Site description and experimental design

The study site is located in São Miguel das Missões, in the state of Rio Grande do Sul, Brazil, on Espinilho Farm (28°56’14.00’’ S, 54°20’45.61’’ W; at an altitude of 465 m). The area has been managed under NT since 1993. In 2001, approximately 22 ha of the farm were converted into an experimental area under a system that integrates grain crops with beef cattle produced on the same unit of land. Since then, soybean has been rotated with mixtures of bristle oat (Avena strigosa Schreb.) and annual ryegrass (Lolium multiflorum Lam), in an ICL-NT focused on the grazing of animals for fattening and slaughter.

The mean annual temperature is 17.1°C with a mean annual rainfall of 1.767 mm. According to the Köppen classification, the climate is defined as Cfa, subtropical humid. The soil is classified as Rhodic Hapludox (Oxisol, 0.54 kg kg-1 clay, 0.17 kg kg-1 silt and 0.29 kg kg-1 of sand, 0-20 cm), being deep and well drained. The soil chemical characteristics were as follows: 10.5 mg/ dm-3 phosphorus, 94 mg dm-3 potassium, 3.2 cmolc dm-3 Al3+, 34 g kg-1 organic matter and pH of 4.3 (in water).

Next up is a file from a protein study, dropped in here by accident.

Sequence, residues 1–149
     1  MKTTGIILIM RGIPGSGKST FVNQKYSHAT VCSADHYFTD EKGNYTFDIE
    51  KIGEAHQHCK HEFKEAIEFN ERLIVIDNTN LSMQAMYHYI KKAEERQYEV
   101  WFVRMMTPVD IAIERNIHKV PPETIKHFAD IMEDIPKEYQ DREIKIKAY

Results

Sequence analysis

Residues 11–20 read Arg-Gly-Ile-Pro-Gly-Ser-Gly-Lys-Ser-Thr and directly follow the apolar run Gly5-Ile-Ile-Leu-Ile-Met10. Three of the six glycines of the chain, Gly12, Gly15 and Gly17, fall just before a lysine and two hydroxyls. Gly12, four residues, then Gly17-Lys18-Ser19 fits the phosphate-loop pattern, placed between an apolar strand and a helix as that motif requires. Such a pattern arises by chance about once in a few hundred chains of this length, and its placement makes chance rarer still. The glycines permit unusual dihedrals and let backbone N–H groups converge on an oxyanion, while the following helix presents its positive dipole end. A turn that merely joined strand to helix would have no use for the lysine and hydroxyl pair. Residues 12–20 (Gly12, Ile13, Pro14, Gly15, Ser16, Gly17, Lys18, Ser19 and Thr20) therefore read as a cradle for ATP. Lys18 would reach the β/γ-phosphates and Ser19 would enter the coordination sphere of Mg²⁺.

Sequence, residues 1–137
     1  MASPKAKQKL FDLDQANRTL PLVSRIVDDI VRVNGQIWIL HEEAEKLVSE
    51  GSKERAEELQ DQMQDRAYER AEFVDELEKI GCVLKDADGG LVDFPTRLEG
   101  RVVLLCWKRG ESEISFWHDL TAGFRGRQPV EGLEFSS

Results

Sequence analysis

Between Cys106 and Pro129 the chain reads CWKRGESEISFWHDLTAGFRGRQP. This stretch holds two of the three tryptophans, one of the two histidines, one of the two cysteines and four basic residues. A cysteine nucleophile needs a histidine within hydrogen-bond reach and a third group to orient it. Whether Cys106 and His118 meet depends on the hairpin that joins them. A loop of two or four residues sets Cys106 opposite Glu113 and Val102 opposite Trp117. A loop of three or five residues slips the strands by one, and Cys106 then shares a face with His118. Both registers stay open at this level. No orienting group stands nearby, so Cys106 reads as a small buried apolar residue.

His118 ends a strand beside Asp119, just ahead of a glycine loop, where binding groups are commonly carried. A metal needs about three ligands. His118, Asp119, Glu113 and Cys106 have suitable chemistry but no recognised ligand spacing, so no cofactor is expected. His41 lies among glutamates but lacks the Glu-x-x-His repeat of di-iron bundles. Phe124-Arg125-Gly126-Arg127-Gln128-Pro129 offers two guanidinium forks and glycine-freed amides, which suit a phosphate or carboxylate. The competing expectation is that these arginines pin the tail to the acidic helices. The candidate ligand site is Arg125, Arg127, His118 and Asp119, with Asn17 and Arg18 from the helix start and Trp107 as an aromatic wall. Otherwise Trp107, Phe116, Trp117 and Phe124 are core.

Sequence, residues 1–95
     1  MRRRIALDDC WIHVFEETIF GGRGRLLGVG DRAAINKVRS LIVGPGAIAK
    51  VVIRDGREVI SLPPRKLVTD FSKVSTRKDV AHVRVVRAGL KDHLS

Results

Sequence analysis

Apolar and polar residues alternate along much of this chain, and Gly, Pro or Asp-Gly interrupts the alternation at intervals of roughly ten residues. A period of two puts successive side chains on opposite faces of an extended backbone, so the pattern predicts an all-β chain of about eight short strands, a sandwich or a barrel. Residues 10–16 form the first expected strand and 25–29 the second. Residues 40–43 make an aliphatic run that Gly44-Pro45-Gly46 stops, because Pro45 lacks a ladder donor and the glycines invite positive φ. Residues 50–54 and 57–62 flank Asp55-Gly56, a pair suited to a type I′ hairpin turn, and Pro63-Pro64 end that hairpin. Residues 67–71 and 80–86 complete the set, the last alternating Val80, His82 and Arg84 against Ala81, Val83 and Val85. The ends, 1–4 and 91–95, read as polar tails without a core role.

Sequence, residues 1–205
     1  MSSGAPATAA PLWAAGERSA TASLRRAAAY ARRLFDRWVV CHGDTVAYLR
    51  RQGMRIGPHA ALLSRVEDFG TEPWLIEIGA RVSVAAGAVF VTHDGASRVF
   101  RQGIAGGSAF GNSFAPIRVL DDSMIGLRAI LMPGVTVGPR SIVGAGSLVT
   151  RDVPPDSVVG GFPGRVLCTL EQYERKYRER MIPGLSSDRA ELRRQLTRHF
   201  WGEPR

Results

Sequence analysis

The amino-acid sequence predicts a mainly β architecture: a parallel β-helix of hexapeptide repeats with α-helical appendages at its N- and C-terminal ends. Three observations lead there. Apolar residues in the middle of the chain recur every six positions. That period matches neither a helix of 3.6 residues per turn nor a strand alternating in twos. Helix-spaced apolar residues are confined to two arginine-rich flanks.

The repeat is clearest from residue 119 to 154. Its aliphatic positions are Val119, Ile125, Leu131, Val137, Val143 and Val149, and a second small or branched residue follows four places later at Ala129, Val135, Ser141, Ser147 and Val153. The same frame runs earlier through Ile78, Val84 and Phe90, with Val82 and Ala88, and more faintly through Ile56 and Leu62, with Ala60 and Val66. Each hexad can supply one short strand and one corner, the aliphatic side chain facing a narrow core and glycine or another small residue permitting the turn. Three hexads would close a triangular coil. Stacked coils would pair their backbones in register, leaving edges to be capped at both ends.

The treatments comprised different sward heights: 10, 20, 30 and 40 cm. A non-grazed area was used as the control (NG). The experimental design was a completely randomised block with three replicates of the sward height (grazed treatments), and two replicates of the NG. Then, there were 14 experimental units totalling 21 ha (paddocks from 0.8 to 3.6 ha). In order to maintain the desired sward height, put-and-take stocking was utilized with adjustments made in the stocking rate at 15-days intervals, using the variable stocking rate method proposed by Mott and Lucas (1952). Yet, three tester animals were continuously stocked in each paddock, with a variable number of ‘put and take’ animals.